Executive power is vested in the president, who is the head of government as well as head of state, and also serves as commander-in-chief of the armed forces. He appoints government ministers, a majority of whom must come from parliament, and has the right to veto parliamentary legislation unless it is passed by a vote of urgency. The president, who can serve a maximum of two four-year terms and must be elected by an absolute majority of voters ( requiring run-off elections in the event that no candidate wins more than 50% in the first round of voting), initiates legislation. Parliament can technically also do so but only if the legislation does not have any financial implications, which seriously constrains it.

The constitution mandates the existence of a 25-member council of elders known as the Council of State to advise the president; the council consists of 11 members nominated by the president and a member elected by each of Ghana’s 10 geographical regions, as well as former chief justice, a former chief of staff, a former inspector-general of the police and the incumbent president of the National House of Chiefs, which is made up of five traditional rulers from each of Ghana’s regions. The Supreme Court of Ghana serves as the final arbiter in the country’s judicial system; its members (of whom there must be at least nine) are appointed by the president in consultation with the Council of State and with the approval of parliament.

The country is administratively divided into 10 regions, which are made up of 138 districts. These have their own assemblies, which are known as metropolitan, municipal and district assemblies, as well as elected executive and administrative bodies. Local elections are held every four years – the next are due to take place in 2014 – with candidates required to run on a non-partisan basis, although in practice candidates are increasingly associated with one of the two main political parties.

PARTIES: Although Ghana’s electoral system is nominally multi-party, elections are dominated by two heavyweights: the NDC and the NPP. Both of these parties fall squarely in the middle of the spectrum, although there are some distinctions to be made in how they approach economic policy. The NPP is traditionally viewed as somewhat more pro-free market and private enterprise as opposed to the social democratic tendencies of the NDC. “The two parties differ in terms of ideology and campaign pledges but in terms of policy when they are in government, there has been no real difference between them so far, as they have very little room for manoeuvre,” John K Kwakye, the senior economist at the Institute for Economic Affairs of Ghana, told OBG.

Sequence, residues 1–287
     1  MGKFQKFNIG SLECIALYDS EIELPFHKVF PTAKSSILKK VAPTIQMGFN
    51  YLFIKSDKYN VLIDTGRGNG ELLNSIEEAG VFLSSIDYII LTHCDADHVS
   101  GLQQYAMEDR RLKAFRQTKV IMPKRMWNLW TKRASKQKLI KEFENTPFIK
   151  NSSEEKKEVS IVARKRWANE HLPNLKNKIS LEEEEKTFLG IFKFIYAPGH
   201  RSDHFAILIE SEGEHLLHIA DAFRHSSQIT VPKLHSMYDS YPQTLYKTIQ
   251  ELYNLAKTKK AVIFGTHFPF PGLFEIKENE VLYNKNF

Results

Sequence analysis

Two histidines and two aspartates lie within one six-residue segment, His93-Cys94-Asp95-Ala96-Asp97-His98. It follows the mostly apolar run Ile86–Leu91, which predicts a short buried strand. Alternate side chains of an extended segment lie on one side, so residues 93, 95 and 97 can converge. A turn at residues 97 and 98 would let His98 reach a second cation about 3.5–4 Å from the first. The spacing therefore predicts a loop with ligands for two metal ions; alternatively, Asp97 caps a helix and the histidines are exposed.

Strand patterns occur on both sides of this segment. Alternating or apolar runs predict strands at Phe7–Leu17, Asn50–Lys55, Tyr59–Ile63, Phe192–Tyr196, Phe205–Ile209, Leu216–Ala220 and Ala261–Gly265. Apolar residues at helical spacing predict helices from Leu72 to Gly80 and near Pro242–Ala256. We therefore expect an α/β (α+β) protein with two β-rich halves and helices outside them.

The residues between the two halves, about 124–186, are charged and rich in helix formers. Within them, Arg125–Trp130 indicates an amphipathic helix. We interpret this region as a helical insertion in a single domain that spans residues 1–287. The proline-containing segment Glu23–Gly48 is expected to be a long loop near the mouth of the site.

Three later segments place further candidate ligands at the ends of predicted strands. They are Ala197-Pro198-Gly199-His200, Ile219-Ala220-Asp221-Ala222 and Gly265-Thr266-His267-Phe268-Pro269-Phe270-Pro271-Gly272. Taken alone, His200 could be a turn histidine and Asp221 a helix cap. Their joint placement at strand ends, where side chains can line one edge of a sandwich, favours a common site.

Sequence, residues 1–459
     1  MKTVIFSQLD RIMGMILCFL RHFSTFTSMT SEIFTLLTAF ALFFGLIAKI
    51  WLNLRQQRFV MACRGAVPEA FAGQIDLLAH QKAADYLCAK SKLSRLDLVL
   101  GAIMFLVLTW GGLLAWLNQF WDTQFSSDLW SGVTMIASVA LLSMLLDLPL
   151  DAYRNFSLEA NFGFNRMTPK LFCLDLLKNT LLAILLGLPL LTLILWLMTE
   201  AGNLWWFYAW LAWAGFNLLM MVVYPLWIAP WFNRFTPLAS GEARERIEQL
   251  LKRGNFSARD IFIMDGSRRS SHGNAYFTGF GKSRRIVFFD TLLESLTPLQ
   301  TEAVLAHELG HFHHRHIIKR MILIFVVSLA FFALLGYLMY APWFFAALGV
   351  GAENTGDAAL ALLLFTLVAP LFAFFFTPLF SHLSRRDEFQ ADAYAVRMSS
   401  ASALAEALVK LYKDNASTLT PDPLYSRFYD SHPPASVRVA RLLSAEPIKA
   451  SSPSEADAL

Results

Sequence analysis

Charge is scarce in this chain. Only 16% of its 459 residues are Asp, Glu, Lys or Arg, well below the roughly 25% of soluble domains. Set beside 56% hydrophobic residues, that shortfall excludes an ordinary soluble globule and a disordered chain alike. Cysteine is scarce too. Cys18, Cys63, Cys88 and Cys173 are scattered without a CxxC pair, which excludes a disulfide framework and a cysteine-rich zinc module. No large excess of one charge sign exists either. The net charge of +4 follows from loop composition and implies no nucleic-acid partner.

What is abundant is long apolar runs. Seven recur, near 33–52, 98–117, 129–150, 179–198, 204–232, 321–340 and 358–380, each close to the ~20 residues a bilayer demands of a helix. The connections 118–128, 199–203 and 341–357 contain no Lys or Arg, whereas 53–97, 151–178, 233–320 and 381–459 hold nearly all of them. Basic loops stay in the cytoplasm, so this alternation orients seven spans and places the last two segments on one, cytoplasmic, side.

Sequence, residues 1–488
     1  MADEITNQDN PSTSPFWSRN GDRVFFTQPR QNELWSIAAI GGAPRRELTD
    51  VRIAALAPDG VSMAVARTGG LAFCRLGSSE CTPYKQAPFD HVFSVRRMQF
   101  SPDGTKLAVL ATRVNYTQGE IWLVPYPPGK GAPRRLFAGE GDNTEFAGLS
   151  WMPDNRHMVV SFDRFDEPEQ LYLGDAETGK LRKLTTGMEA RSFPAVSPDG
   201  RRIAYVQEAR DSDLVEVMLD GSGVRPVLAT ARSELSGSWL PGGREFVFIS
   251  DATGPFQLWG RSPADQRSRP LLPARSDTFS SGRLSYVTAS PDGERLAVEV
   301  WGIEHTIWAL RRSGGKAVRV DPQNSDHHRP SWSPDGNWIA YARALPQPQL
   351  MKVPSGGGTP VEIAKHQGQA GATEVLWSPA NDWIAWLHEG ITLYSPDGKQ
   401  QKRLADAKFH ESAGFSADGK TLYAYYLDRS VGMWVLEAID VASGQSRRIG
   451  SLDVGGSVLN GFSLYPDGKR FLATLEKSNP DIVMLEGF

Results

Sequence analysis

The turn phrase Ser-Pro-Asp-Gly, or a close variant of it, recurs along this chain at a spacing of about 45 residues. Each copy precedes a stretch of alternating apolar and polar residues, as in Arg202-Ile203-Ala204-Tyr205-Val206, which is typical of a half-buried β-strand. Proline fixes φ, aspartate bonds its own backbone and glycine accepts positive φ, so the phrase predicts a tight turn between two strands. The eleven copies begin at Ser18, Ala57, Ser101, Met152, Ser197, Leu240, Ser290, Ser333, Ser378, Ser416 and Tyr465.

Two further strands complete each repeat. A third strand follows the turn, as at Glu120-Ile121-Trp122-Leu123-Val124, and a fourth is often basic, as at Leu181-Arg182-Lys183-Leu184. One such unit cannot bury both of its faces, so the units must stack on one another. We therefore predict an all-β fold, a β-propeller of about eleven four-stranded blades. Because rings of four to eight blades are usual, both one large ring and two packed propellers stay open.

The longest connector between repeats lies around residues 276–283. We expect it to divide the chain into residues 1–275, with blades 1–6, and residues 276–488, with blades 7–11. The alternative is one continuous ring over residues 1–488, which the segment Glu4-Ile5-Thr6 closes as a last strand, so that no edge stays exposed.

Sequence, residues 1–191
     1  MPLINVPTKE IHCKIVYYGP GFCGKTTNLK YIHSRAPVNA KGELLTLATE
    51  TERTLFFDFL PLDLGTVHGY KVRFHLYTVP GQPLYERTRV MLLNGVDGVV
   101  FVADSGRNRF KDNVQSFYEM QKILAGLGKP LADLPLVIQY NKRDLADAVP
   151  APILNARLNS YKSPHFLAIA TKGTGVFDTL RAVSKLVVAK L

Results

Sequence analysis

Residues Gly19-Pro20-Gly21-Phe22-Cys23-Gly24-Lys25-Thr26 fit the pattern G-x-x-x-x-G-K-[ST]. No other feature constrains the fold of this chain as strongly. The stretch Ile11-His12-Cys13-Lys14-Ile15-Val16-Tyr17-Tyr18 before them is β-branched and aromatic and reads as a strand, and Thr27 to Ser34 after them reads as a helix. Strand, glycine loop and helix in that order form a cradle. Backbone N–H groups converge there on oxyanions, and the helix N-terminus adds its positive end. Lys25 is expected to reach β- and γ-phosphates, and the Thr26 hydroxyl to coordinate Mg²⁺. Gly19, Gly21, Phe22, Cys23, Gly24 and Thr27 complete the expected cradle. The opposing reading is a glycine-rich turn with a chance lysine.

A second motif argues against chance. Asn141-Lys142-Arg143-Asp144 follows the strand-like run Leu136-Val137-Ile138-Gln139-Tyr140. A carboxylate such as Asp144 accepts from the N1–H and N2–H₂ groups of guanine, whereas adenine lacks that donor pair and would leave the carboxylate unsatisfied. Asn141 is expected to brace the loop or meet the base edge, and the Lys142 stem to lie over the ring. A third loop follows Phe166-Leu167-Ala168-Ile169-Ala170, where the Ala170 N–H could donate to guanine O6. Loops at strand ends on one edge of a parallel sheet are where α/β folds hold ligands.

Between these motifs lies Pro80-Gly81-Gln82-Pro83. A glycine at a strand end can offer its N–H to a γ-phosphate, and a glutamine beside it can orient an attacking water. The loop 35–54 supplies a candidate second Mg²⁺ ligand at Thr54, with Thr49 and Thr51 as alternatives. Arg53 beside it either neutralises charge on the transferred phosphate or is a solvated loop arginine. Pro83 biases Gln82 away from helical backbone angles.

Nevertheless, electoral politics is strongly contested. “Ghanaian politics are very partisan and the two main parties are very antagonistic,” David Ampofo, a television journalist and political commentator at Ghana’s Channel Two, told OBG. “Elections are like a football competition with voters strongly identifying with their team.” Patronage also plays an important role. “People invest in supporting parties with the hope of getting jobs when those parties subsequently come to power,” said Ampofo.

Ethnic and regional factors also influence voter choices. “Support for the parties is also largely not about policy but is mainly based on ethnicity,” said Kwakye. The NPP has close links to the Akan group, while the NDC has particularly strong ties to the Ebe ethnic community, whose origins are in the east of the country, according to Ampofo. The NDC’s main geographical stronghold is the Volta region, while the NPP has a bastion of support in Ashanti.

DEMOCRATIC ROLE MODEL: Ghana is rated as “free” by NGO Freedom House (of the categories not free, partly free and free), as is its press. The country is widely perceived as stable; for example, the World Economic Forum’s 2011-12 “Global Competitiveness Report” ranked “Coups and instability” last of 15 problematic factors for doing business in the country. “Policy instability” was ranked 11th out of the 15. While corruption is an issue, the country is a strong performer in regional terms. The 2011 Transparency International Corruption Perceptions Index ranked Ghana as the 69th-least-corrupt country in the world (out of 182), and second-least-corrupt in the Economic Community of West African States (ECOWAS), after Cape Verde.

These factors mark Ghana out as a major regional political success story. “Ghana is a flag-bearer for democracy in Africa. There have been five free and fair elections in the past 20 years and two peaceful transfers of power, which is enough in itself to attract substantial investor interest,” said Alasdair Hamilton, the head of UKTI Ghana. Indeed, many international companies have been looking at Ghana as a regional centre for their activities in West Africa, despite its not being the largest economy or oil producer in the region, due in large part to its stability. “Ghana needs to keep that headline,” said Hamilton.

The reasons commonly cited for Ghana’s status as a regional haven of stability and democracy include the fact that the country won its independence peacefully, as well as its diverse ethnic make-up; no ethnic group is sufficiently strong to threaten to monopolise power, and it is felt this obliges governments to reach out to all groups.